The mistreatment and bullying experienced by new nurses contribute to high turnover rates in the profession. New nurses who are mistreated are more likely to leave their jobs or even the nursing profession altogether. The loss of new nurses not only hinders their personal growth but also results in a shortage of nurses, putting additional strain on the healthcare system.

Effect on the Quality of Patient Care

Bullying and mistreatment in the nursing profession have a direct impact on the quality of patient care. New nurses who are bullied may feel too intimidated to ask for help or seek clarification, leading to errors and compromised patient safety. Additionally, the stressful work environment created by “eating their young” behavior can cause experienced nurses to become burnt out and less attentive to patient needs, further compromising the quality of care provided.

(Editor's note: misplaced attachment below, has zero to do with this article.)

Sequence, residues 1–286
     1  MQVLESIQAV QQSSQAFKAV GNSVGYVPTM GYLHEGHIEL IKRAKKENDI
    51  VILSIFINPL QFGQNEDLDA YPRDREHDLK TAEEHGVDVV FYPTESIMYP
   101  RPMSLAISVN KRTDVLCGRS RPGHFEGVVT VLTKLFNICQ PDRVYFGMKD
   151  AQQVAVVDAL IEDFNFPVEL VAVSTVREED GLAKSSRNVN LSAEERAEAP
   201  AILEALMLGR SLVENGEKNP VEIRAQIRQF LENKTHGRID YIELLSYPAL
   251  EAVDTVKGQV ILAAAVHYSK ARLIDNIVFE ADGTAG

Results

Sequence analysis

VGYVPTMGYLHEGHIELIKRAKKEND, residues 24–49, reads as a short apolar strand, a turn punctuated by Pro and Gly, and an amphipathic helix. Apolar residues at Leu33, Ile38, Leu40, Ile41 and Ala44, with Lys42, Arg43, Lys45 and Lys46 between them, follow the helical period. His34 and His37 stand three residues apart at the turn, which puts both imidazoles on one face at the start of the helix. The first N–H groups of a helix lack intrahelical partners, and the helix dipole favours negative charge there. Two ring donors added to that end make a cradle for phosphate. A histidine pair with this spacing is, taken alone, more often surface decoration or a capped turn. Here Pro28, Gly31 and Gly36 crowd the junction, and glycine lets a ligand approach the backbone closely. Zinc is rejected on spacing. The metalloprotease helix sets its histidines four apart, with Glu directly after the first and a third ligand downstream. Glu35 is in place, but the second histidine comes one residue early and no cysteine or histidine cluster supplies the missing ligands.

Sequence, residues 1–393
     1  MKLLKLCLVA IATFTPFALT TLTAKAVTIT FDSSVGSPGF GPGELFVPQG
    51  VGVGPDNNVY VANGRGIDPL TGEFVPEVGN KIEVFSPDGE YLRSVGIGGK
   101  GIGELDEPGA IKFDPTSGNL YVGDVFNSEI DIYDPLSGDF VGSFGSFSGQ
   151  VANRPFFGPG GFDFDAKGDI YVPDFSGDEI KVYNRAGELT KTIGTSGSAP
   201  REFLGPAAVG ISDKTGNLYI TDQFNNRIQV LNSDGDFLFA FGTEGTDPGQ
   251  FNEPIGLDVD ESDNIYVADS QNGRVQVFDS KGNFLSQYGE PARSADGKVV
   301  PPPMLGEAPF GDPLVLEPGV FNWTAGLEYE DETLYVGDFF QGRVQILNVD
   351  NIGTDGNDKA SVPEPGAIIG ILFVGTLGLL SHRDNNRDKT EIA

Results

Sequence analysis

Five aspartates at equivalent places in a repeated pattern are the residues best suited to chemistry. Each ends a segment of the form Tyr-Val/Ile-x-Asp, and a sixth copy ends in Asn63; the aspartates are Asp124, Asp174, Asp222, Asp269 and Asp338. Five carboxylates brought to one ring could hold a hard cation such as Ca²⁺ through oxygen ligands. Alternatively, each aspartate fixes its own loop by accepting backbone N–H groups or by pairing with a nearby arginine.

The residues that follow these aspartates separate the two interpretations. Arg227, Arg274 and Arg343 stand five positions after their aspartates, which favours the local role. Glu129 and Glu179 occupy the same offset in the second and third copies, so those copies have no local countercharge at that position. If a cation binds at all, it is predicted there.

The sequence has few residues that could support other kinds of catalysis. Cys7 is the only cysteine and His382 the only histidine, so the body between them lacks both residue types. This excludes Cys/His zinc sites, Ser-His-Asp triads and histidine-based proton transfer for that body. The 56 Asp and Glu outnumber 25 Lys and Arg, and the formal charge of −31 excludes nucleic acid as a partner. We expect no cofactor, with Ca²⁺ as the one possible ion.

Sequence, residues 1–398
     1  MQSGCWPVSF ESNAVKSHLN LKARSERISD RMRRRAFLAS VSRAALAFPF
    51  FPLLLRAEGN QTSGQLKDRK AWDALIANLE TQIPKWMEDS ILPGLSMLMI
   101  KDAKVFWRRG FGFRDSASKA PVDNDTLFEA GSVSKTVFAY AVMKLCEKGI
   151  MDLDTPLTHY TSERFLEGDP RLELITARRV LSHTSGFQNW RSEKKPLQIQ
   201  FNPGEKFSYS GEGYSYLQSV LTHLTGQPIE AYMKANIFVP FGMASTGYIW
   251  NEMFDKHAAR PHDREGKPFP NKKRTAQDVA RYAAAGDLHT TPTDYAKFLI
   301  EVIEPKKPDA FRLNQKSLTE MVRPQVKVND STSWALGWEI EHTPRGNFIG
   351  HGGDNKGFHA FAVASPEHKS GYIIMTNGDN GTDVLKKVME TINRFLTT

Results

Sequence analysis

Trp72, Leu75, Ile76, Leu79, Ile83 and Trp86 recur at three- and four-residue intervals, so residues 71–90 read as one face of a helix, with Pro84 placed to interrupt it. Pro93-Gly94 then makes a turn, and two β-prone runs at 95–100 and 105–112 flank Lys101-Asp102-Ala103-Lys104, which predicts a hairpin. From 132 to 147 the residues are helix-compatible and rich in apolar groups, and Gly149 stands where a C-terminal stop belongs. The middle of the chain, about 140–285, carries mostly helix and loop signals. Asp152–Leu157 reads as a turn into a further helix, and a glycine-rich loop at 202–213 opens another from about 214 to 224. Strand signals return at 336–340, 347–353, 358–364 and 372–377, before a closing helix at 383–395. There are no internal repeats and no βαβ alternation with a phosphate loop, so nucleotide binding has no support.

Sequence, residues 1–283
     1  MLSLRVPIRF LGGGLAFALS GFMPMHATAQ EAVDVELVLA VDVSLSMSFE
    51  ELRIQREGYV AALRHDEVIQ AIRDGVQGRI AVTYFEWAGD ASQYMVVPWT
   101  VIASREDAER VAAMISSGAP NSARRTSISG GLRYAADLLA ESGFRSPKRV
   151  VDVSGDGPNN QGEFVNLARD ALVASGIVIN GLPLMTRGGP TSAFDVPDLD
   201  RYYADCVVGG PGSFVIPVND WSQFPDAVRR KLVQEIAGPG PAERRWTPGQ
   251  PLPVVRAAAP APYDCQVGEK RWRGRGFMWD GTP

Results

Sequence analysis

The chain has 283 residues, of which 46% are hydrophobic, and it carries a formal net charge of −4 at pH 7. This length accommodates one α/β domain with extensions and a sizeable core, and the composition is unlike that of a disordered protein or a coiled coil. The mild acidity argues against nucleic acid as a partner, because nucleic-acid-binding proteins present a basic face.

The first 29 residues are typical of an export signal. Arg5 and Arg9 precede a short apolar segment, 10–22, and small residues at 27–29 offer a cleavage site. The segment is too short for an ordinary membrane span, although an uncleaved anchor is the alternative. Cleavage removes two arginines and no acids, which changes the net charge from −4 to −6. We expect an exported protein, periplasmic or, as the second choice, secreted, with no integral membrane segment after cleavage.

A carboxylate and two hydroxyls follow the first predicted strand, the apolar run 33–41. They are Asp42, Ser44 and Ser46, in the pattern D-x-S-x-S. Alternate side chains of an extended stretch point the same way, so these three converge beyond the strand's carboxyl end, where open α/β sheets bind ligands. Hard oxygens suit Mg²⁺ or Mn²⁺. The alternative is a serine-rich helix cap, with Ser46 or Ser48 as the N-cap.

Strategies for Preventing Nurses from “Eating Their Young”

The Role of Nursing Schools

Nursing schools play a crucial role in preparing new nurses for the challenges they may face in the profession. By incorporating education and training programs that address bullying and mistreatment, nursing schools can help new nurses develop the skills and resilience needed to navigate these difficult situations. Additionally, nursing schools can promote teamwork and collaboration among students to foster positive relationships and support networks.

The Importance of Workplace Policies